Irish Gaelic activists have certainly been silent in recent months about what I thought they might regard as a grievous insult to the Irish language.
The European Commission has just completed a consultation on abolishing 'daylight saving time' and in due course will produce some proposals. The consultation ran from 4 July to 16 August information about it was available on the European Commission website.
There will various views about 'daylight saving time' but I was interested to find the following on the web-page with information about the consultation. This is what the European Commission said:
The online questionnaire is accessible in all official EU languages (except Irish) and replies may be submitted in any EU language. We do encourage you to answer as much as possible in English.
Irish Gaelic is one of the 24 official languages of the European Union and Irish language activists are always keen to assert the rights of Irish speakers, so here are some questions.
Why did the European Commission exclude the Irish language from the online questionnaire?
What did the government of the Irish Republic do or say about the exclusion of Irish?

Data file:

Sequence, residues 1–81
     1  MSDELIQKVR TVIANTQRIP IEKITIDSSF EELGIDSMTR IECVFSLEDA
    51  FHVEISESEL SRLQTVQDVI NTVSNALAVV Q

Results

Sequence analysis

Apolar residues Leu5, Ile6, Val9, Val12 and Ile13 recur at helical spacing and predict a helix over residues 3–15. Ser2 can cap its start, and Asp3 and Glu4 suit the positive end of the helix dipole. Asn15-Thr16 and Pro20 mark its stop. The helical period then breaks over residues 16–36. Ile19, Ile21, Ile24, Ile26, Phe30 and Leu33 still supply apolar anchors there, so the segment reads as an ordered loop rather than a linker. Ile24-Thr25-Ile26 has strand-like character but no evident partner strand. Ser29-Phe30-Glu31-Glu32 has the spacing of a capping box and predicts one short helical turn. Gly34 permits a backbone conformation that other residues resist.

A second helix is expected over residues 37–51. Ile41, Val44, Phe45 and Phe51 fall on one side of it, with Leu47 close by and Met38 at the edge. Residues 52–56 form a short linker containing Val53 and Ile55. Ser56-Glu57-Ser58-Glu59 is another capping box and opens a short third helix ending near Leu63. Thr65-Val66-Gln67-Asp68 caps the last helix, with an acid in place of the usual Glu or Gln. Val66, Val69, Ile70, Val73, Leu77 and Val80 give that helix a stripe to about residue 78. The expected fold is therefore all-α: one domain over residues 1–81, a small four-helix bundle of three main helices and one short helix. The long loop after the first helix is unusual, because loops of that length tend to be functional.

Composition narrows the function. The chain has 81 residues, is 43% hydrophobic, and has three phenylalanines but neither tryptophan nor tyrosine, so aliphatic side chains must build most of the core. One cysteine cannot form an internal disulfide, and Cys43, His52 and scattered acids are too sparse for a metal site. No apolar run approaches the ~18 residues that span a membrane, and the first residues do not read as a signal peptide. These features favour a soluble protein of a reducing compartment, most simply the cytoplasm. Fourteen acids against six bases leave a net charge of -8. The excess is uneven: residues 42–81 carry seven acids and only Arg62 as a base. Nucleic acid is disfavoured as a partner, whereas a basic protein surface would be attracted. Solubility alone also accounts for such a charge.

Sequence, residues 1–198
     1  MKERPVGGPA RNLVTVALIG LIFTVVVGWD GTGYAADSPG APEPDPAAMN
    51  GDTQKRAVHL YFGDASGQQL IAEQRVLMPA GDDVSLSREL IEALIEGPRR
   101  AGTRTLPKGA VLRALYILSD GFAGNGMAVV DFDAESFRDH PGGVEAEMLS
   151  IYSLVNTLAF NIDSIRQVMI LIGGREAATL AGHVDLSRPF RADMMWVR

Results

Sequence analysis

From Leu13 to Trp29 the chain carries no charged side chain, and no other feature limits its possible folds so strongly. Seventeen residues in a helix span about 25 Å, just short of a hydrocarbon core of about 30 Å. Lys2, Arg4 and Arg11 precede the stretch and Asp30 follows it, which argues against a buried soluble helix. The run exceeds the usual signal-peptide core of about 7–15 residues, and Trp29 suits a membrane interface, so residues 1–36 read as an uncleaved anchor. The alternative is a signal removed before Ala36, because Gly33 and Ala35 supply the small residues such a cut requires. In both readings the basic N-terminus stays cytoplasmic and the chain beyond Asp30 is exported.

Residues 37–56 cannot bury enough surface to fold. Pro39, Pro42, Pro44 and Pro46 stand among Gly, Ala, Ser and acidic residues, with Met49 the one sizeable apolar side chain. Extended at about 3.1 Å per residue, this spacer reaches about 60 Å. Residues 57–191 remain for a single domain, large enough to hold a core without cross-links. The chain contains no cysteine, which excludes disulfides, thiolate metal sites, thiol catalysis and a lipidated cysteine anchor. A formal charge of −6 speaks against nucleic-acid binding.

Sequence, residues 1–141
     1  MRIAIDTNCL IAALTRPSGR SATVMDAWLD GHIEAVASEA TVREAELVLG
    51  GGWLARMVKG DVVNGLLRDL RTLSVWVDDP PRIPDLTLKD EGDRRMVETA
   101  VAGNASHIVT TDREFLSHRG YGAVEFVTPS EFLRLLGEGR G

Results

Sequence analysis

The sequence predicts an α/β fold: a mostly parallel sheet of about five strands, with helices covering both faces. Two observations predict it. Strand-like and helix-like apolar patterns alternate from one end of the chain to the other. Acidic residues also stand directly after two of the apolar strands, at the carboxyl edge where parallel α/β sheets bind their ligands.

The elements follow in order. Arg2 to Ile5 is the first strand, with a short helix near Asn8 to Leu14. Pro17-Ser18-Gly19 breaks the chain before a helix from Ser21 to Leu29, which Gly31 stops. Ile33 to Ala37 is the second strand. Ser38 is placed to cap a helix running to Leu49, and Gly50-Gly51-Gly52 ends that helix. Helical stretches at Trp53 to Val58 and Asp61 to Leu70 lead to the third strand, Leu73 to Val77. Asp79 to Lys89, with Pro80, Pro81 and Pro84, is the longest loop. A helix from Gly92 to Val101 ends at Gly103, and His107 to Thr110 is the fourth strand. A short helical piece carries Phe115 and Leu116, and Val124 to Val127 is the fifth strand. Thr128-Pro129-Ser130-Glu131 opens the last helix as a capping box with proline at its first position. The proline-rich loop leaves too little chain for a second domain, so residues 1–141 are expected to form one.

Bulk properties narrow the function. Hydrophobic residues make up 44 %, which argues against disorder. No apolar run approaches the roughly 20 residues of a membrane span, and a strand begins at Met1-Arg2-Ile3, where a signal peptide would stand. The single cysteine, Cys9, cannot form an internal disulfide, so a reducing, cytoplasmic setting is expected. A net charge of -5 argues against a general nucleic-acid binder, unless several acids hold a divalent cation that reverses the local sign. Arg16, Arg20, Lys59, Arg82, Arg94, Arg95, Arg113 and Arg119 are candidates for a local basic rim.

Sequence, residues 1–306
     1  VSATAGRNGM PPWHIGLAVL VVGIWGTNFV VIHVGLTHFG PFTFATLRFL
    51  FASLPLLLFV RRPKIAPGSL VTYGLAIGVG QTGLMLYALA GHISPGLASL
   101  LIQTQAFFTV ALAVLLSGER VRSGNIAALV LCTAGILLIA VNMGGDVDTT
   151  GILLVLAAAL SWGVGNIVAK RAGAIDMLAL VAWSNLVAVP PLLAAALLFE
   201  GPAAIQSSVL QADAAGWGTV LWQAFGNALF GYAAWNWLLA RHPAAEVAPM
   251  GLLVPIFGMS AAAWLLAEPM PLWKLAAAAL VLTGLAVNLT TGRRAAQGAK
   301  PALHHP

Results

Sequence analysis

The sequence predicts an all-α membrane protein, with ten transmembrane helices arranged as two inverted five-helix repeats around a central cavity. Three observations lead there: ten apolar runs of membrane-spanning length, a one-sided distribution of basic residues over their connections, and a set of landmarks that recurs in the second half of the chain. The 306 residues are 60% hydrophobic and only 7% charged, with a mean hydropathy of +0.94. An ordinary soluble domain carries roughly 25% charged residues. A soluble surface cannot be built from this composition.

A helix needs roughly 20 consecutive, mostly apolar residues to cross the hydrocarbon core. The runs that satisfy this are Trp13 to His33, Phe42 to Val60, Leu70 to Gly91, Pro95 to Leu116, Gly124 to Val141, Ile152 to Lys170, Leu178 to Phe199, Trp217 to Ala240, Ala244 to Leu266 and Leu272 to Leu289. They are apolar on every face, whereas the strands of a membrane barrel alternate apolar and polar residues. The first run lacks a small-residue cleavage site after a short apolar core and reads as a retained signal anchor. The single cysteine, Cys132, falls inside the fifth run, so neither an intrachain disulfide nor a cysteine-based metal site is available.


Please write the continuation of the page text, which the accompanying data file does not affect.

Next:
What did the MEPs from the Republic do or say about the exclusion of Irish?
What did the Sinn Fein MEP Martina Anderson do or say about the exclusion of Irish?
What did Irish language organisations such as Conradh na Gaeilge do or say about the exclusion of Irish?
Why was there no protest by Irish language activists outside the office of the European Commission in Belfast, rather in the same way as they did outside the Department for Communities?
Perhaps some answers will be forthcoming but in the meantime I was disappointed by the exclusion of Irish because it would have been interesting to see how many of the respondents from the Irish Republic or indeed Northern Ireland would have responded in Irish and how many in English!
On the other hand, while the questionnaire is accessible in 23 of the 24 official languages, with Irish excluded, it states that 'replies may be submitted in any EU language', so was it possible to read the questionnaire in English and yet reply in Irish; and if so how many people did? So that brings the number of questions up to seven.